Operational research: military judgement and the politics of technical change in the British infantry, 1943-1953

Ford, Matthew (2009) Operational research: military judgement and the politics of technical change in the British infantry, 1943-1953. Journal of Strategic Studies, 32 (6). pp. 871-897. ISSN 0140-2390

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Abstract

The central claim underpinning the Revolution in Military Affairs is that battlefield imperatives drive technical and more widely social change: that technology evolves according to a logic that starts with the relationship between the offence and defence in battle. Thus the ambition of the military organisation is to develop weaponry that can beat the adversary. A failure to grasp this essential truth leads to defeat in battle. This paper demonstrates how technology change happens in practice. By looking inside the ‘black box’ of the military organisation, what emerges is a more complicated picture that takes into account the way arguments for technical change are constructed and deployed within the bureaucracy based on a variety of battlefield interpretations. This shows that technology development is not necessarily driven by either frontline demands or scientific understanding but in reference to who has organisational power and how they use it.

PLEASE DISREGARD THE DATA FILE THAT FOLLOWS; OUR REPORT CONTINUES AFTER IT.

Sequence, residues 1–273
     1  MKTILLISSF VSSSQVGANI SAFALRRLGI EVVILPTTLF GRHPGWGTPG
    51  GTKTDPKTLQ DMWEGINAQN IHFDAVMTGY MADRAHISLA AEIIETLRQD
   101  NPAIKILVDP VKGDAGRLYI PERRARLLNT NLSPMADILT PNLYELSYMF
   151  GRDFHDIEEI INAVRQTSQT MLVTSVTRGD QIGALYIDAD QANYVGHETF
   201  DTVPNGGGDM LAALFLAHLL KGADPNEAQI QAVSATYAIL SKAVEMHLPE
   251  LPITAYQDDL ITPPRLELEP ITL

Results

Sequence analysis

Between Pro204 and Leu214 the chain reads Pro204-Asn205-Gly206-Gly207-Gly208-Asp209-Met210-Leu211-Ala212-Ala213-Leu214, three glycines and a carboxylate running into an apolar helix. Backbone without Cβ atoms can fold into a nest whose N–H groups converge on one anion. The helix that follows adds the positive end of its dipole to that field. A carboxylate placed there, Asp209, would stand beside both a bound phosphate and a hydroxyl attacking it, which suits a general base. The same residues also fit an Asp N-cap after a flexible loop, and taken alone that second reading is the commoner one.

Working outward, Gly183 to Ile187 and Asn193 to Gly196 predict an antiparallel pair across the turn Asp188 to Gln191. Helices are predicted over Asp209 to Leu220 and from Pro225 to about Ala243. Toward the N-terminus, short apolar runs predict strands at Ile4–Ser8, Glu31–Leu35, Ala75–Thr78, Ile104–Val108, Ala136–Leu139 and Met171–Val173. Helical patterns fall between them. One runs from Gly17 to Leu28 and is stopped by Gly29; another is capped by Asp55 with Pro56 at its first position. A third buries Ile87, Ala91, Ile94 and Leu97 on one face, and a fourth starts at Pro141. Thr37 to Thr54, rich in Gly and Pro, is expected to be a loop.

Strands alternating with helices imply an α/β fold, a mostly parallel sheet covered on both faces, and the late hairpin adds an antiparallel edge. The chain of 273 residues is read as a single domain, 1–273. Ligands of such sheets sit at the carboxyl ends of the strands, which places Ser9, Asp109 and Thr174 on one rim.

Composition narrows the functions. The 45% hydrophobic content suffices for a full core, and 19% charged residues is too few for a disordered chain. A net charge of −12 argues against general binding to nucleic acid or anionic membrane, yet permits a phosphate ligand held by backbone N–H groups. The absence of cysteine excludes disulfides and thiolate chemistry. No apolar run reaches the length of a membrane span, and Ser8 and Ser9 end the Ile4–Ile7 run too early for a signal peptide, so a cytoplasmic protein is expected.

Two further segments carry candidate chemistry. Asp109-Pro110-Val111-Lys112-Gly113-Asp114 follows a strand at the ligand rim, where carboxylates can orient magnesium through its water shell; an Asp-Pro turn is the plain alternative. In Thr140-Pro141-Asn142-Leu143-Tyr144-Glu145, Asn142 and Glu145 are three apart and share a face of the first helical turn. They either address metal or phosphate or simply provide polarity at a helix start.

Item Type: Article
Schools and Departments: School of Global Studies > International Relations
Subjects: J Political Science > JZ International relations
Depositing User: Jayne Paulin
Date Deposited: 26 Jul 2013 14:31
Last Modified: 26 Jul 2013 14:31
URI: http://sro.sussex.ac.uk/id/eprint/45798
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